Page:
$1,500,000 or less: no EHT
Between $1,500,001 and $4,500,000 – 2.925% x (Payroll for the location – $1,500,000)
Greater than $4,500,000: 1.95% x Payroll for the location
Registration for filing and paying the employer health tax will start in January 2019.
The EHT will be paid via quarterly instalments:
March 31 – final payment with return.
Specific details are still being worked out by the B.C. provincial government. It is expected that the Employer Health Tax legislation will be enacted in the fall of 2018, at which time, further information should become available.
In preparation for the new legislation, B.C. employers should plan for the following:
If your payroll exceeds the EHT exemption amounts, ensure your 2019 budget takes the EHT into consideration. Up to an additional 1.95% of your payroll will need to be added to your total compensation costs.
Keep in mind that EHT will apply to bonuses, signing bonuses, non-compete payments, commissions, gratuities paid to employees through their employer, advances, vacation pay, EI top-up payments, employer-paid RRSP contributions and a number of other taxable benefits.
For employers who pay for employees’ MSP premiums, MSP premiums will continue until January 1, 2020. For these employers, should your payroll exceed the EHT exemption limit, you will be required to pay both EHT and the MSP premiums in 2019.
On May 17, 2018, amendments to BC Employment Standards Act came into effect. These changes bring the province’s pregnancy, parental and compassionate care leave provisions in line with changes to the Employment Insurance Act which came into effect in December 2017. The amendments also introduce two new job-protected leaves related to the death or crime-related disappearance of a child.
Provincially-regulated employers in BC should be aware of the following amendments:
A parent who takes pregnancy leave can take up to 61 consecutive weeks (previously 35 weeks) of unpaid leave immediately after the end of her pregnancy leave.
A parent who does not take pregnancy leave can take up to 62 consecutive weeks (previously 37 weeks) of unpaid leave, which must begin within 78 weeks (previously 52 weeks) after the birth of the child.
An adopting parent can take up to 62 consecutive weeks (previously 37 weeks) of unpaid leave, which must begin within 78 weeks (previously 52 weeks) after the child is placed with the parent.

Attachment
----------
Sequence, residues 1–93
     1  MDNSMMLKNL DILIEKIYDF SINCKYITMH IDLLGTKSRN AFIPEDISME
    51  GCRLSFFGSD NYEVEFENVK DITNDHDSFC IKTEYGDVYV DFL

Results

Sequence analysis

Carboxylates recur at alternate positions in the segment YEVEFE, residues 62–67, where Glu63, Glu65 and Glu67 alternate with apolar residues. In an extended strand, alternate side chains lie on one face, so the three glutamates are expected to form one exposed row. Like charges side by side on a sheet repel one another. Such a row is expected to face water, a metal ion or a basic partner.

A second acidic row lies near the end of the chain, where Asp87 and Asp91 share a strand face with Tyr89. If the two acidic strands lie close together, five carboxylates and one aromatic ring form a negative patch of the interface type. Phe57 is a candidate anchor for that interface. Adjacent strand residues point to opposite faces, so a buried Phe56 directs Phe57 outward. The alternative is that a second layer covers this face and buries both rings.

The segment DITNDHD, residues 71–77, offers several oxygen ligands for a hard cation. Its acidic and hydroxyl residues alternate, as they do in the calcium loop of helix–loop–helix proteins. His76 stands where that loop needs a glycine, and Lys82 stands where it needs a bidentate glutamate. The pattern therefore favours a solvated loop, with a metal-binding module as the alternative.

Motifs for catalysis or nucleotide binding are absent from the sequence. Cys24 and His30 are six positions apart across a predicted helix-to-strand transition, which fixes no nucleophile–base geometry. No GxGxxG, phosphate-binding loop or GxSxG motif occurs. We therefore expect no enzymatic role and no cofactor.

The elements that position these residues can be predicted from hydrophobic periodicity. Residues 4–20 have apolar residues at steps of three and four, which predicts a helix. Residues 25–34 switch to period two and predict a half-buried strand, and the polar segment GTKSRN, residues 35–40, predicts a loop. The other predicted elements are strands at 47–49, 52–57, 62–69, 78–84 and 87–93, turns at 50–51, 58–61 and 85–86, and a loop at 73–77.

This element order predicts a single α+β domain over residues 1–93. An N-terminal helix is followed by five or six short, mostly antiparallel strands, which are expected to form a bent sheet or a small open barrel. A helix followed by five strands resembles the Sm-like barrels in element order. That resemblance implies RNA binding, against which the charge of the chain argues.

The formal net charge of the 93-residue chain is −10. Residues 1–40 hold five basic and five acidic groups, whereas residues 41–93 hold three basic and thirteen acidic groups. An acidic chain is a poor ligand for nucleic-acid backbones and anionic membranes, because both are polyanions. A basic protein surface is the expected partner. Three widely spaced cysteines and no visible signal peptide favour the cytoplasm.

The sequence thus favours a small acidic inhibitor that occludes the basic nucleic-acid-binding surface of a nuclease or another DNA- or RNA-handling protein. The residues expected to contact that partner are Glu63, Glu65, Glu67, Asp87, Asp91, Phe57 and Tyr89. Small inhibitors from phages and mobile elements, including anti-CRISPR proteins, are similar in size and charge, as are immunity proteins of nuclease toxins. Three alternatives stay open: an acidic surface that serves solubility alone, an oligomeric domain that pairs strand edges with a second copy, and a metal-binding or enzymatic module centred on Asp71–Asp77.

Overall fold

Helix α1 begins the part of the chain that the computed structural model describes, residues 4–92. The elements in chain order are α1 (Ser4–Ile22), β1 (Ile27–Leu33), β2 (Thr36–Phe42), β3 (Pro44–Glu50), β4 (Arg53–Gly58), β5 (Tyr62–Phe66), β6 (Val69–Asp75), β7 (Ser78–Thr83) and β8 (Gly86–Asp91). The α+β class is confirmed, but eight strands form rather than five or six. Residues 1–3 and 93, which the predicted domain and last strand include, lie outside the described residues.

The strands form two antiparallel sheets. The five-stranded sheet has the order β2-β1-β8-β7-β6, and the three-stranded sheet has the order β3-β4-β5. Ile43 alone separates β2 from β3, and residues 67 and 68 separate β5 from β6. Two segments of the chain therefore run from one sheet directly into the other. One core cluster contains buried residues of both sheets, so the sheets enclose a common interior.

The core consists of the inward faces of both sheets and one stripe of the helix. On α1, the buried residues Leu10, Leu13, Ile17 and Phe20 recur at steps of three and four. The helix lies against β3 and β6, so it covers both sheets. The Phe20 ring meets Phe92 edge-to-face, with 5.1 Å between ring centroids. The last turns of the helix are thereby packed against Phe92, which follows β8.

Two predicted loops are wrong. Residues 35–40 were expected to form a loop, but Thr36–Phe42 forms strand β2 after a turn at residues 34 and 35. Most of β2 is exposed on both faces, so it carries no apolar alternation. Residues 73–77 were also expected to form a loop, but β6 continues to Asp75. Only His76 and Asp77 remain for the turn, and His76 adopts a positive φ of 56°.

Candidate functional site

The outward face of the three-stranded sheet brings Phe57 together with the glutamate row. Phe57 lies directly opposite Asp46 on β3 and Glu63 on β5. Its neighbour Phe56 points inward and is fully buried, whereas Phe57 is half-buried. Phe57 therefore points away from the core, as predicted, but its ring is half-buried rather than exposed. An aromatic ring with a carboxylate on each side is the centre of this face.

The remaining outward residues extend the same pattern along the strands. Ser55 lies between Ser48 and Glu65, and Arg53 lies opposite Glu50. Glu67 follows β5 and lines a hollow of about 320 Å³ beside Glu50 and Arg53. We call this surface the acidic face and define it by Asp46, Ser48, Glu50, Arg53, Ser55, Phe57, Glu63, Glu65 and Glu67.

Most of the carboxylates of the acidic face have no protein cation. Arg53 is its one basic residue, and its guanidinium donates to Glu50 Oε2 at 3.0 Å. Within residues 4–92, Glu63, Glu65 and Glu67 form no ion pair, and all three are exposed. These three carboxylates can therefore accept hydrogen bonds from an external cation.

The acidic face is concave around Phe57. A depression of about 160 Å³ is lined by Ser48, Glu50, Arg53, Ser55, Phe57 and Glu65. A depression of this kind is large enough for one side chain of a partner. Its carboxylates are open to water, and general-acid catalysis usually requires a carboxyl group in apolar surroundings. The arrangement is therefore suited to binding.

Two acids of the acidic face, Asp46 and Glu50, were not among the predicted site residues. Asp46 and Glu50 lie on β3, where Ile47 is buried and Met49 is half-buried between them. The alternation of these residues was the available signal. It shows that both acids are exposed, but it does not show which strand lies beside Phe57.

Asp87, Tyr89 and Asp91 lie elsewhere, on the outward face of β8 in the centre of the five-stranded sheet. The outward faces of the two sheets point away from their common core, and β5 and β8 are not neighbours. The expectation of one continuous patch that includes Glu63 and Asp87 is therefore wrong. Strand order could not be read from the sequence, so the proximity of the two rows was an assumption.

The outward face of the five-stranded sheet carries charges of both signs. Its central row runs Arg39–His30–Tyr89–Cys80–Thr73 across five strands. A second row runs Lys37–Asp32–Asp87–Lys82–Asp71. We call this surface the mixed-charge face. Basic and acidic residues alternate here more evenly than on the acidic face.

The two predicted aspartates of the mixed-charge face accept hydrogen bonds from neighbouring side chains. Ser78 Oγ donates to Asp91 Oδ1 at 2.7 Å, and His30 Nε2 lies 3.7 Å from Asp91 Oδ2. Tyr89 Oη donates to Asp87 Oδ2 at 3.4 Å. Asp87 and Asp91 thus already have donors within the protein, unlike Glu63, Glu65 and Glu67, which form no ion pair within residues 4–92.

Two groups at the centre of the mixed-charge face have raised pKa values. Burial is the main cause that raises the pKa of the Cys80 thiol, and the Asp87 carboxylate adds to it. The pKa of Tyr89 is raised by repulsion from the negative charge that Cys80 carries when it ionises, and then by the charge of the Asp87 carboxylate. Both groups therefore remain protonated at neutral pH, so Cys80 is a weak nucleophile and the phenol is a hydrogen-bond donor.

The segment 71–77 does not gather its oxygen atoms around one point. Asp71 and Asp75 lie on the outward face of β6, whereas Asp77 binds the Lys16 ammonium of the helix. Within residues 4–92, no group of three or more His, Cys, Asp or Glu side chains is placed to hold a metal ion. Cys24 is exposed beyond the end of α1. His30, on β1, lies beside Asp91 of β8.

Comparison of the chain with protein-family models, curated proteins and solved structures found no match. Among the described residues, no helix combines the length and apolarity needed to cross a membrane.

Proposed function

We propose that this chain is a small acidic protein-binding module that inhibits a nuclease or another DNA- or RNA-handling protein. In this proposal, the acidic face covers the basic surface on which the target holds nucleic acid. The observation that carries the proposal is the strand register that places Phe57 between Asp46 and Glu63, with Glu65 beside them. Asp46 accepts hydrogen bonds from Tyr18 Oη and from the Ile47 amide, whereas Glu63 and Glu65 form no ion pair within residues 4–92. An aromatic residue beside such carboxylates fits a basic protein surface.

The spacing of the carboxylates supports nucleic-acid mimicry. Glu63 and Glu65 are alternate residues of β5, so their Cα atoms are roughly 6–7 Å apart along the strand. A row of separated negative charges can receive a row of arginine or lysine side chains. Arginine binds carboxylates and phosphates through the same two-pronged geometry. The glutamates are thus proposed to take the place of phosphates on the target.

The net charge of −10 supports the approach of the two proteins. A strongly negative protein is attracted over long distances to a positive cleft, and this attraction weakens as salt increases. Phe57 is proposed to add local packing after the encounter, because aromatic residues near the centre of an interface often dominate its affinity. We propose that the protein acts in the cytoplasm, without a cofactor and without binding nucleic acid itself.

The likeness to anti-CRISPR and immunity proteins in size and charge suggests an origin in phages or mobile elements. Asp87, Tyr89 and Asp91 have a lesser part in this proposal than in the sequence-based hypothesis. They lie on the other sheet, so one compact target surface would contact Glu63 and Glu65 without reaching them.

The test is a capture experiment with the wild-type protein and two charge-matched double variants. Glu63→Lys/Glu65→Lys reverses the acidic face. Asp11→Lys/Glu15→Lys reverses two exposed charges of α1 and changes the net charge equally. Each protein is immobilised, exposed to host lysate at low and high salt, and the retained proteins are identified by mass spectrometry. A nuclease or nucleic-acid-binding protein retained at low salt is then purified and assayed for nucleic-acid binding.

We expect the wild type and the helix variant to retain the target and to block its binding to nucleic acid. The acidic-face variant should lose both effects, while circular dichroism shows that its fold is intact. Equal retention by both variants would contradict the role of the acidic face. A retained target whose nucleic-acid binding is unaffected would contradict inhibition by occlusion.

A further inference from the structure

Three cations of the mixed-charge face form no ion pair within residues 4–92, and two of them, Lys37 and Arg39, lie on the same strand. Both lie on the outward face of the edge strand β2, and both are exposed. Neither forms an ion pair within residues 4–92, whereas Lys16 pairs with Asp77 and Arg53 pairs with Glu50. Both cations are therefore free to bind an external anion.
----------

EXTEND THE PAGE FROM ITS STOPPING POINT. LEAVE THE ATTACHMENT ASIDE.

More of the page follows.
The combined entitlement for pregnancy and parental leave is limited to 78 weeks which is 18 months (previously 52 weeks).
If on May 17, 2018, an employee with a child born on or after December 3, 2017 is already taking parental leave, they are eligible for the full amount of parental leave they are entitled to under the new legislation, minus the period of parental leave already taken as of May 17, 2018.
Employees are eligible for up to 27 weeks (previously 8 weeks) of unpaid leave within a 52 week period to provide care or support to a family member who has a serious medical condition with a significant risk of death within 26 weeks.
An employee whose child under 19 years of age dies is entitled to up to 104 weeks of unpaid leave of absence from work, starting as of the date of death or after a child who has disappeared is found deceased.
For these job-protected leaves, the BC Employment Standards Act also contains other relevant provisions:
Continuous employment – While on any of the leaves of absence noted above, employment is considered continuous for the purposes of calculating annual vacation and termination entitlements, as well as for medical or other plans of benefit to the employee. An employer must continue to make payments to any such plans unless the employee chooses not to continue their share of the cost of the plan. The employee is also entitled to all increases in wages and benefits that the employee would have received had they not been on leave.
Conditions of employment – An employer cannot terminate an employee, or change a condition of employment, because of the leave, without the employee’s written consent.
Return to work – When the leave ends, an employee should be returned to their former position or to a comparable position. It is the employer’s responsibility to contact the employee to make arrangements for their return to work.
As with any new government, employers can expect additional reviews to be conducted of provincial employment legislation. Other changes to the BC Employment Standards Act, the BC Labour Relations Code, the BC Freedom of Information and Protection of Privacy Act, and the Occupational Health and Safety Act may be forthcoming in the near future.
We’re proud to announce that Clear HR Consulting has been selected as a 2018 Canadian HR Reporter Readers’ Choice Awards winner in the category of HR Management Consultants.
“We were overwhelmed at the response from HR professionals this year,” said Todd Humber, publisher and editor-in-chief of Canadian HR Reporter. “More than 65,000 votes were cast in total, which is an unprecedented level of engagement as the prestigious awards competition marks its third year.”
Some facts about the 2018 Canadian HR Reporter Readers’ Choice Awards competition: